return "Property Injected: " + this.PiValue;
    }

    [HttpGet]
    [Route("MethodInjected1")]
    public string InjectionMethod1()
    {
        return "Method Injected: " + this.MethodInjected1;
    }

    [HttpGet]
    [Route("MethodInjected2")]
    public string InjectionMethod2()
    {
        return "Method Injected: " + this.MethodInjected2;
    }

    [HttpGet]
    [Route("MethodInjected3")]
    public string InjectionMethod3()
    {
        return "Method Injected: " + this.MethodInjected3;
    }
}

In DIV2Controller.cs everything will be injected from the Dependency Configuration Resolver class

[RoutePrefix("api/v2/DIExample")]
public class DIV2Controller : ApiController
{
    private string ConstructorInjected;
    private string MethodInjected1;
    private string MethodInjected2;
    public string MyPropertyName { get; set; }
    public double PiValue1 { get; set; }
    public double PiValue2 { get; set; }
    public IShape Shape { get; set; }

    // MethodInjected
    [NonAction]
    public void Initialize()
    {
        this.MethodInjected1 = "Default Initialize done";
    }

    // MethodInjected
    [NonAction]
    public void Initialize2(string myproperty1, IShape shape1, string myproperty2, IShape shape2)
    {
        this.MethodInjected2 = myproperty1 + " & " + shape1.Name + " & " + myproperty2 + " & " + shape2.Name;
    }

    public DIV2Controller(string myproperty1, IShape shape1, string myproperty2, IShape shape2)
    {
        this.ConstructorInjected = myproperty1 + " & " + shape1.Name + " & " + myproperty2 + " & " + shape2.Name;
    }

    [HttpGet]
    [Route("constructorinjection")]
    public string constructorinjection()
    {
        return "Constructor Injected: " + this.ConstructorInjected;
    }

    [HttpGet]
    [Route("PropertyInjected")]
    public string InjectionProperty()
    {
        return "Property Injected: " + this.MyPropertyName;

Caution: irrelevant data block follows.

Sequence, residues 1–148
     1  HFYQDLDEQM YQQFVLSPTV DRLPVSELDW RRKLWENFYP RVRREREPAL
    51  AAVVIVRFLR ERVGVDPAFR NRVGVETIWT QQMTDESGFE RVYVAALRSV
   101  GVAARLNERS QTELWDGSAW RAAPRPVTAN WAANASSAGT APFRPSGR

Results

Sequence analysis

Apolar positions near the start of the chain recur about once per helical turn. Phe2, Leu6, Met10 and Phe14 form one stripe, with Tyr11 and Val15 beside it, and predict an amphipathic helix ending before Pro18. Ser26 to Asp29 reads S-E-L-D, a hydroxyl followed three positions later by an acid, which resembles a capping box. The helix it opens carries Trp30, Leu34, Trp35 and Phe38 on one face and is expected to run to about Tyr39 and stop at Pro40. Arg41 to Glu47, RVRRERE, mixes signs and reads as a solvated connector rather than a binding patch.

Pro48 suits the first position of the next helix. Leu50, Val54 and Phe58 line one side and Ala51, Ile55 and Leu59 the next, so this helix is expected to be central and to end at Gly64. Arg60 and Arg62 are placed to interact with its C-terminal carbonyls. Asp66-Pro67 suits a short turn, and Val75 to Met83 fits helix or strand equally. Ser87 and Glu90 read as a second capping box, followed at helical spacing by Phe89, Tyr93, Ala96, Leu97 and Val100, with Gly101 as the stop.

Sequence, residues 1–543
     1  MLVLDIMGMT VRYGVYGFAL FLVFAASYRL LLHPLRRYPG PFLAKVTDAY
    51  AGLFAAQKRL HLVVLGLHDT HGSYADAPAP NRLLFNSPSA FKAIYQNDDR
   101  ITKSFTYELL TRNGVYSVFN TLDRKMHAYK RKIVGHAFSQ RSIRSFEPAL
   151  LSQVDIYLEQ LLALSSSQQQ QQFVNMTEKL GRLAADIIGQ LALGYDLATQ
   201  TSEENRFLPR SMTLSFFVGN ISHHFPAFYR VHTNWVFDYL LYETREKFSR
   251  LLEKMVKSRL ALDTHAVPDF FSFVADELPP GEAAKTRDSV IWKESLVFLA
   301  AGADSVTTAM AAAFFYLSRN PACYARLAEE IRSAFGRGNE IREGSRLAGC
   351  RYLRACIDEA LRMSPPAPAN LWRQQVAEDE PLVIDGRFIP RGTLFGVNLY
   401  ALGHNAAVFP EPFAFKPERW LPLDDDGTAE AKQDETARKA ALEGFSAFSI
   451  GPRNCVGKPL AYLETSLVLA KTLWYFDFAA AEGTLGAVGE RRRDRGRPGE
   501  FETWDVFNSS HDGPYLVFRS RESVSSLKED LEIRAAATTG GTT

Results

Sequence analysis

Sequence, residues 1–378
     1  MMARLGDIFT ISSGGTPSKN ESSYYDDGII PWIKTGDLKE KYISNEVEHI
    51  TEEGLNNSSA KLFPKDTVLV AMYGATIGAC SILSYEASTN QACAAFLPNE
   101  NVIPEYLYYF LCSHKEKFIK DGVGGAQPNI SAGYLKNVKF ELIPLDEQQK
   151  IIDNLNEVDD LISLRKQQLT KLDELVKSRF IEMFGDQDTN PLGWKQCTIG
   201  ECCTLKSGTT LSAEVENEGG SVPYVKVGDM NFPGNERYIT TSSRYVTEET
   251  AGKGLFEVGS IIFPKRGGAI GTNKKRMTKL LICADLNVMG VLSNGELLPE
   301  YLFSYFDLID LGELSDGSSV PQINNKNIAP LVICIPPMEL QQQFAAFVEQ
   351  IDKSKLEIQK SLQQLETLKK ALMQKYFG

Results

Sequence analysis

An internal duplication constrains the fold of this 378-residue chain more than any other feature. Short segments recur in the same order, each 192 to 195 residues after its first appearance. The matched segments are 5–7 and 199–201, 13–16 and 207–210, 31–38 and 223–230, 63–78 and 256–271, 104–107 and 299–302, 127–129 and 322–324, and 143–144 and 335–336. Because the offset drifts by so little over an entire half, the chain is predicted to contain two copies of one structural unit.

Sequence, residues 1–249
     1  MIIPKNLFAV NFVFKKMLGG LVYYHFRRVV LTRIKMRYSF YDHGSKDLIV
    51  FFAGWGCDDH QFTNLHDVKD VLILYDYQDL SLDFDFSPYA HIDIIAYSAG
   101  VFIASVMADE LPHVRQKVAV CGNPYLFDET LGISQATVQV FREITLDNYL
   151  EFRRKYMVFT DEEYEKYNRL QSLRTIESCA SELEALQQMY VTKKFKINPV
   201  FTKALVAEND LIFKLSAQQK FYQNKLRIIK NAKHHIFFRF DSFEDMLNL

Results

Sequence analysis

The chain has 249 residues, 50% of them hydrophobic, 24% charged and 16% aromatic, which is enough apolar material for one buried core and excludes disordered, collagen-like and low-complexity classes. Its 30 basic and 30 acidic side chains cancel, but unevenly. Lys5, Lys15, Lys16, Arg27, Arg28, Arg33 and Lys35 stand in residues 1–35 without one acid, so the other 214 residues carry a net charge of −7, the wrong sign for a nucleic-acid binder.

}

    [HttpGet]
    [Route("GetPiValue1")]
    public string GetPiValue1()
    {
        return "Property Injected: " + this.PiValue1;
    }

    [HttpGet]
    [Route("GetPiValue2")]
    public string GetPiValue2()
    {
        return "Property Injected: " + this.PiValue2;
    }

    [HttpGet]
    [Route("GetShape")]
    public string GetShape()
    {
        return "Property Injected: " + this.Shape.Name;
    }

    [HttpGet]
    [Route("MethodInjected1")]
    public string InjectionMethod1()
    {
        return "Method Injected: " + this.MethodInjected1;
    }

    [HttpGet]
    [Route("MethodInjected2")]
    public string InjectionMethod2()
    {
        return "Method Injected: " + this.MethodInjected2;
    }
}

Configuring the Dependency Resolver

public static void Register(HttpConfiguration config)
{
    var container = new UnityContainer();
    RegisterInterfaces(container);
    config.DependencyResolver = new UnityResolver(container);

    // Other Web API configuration not shown.
}

private static void RegisterInterfaces(UnityContainer container)
{
    var dbContext = new SchoolDbContext();
    // Registration with constructor injection
    container.RegisterType<IStudentRepository, StudentRepository>(new InjectionConstructor(dbContext));
    container.RegisterType<ICourseRepository, CourseRepository>(new InjectionConstructor(dbContext));

    // Set constant/default value of Pi = 3.141 
    container.RegisterInstance<double>("PiValueExample1", 3.141);
    container.RegisterInstance<double>("PiValueExample2", 3.14);

    // without a name
    container.RegisterInstance<IShape>(new NoShape());

    // with circle name
    container.RegisterType<IShape, Circle>("Circle", new InjectionProperty("Name", "I am Circle"));

    // with rectangle name
    container.RegisterType<IShape, Rectangle>("Rectangle", new InjectionConstructor("I am Rectangle"));

    // Complex type like Constructor, Property and method injection
    container.RegisterType<DIV2Controller, DIV2Controller>(
        new InjectionConstructor("Constructor Value1", container.Resolve<IShape>("Circle"), "Constructor Value2", container.Resolve<IShape>()),
        new InjectionMethod("Initialize"),
        new InjectionMethod("Initialize2", "Value1", container.Resolve<IShape>("Circle"), "Value2", container.Resolve<IShape>()),
        new InjectionProperty("MyPropertyName", "Property Value"),
        new InjectionProperty("PiValue1", container.Resolve<double>("PiValueExample1")),
        new InjectionProperty("Shape", container.Resolve<IShape>("Rectangle")),
        new InjectionProperty("PiValue2", container.Resolve<double>("PiValueExample2")));
}
  • This isn't a particularly useful answer for a number of reasons. It's an unnecessarily complex example that has too much code to be useful in offering a simple explanation of IOC. Besides that, the code isn't documented clearly in places where you'd actually need it. – Dan Atkinson Jan 29 '20 at 10:30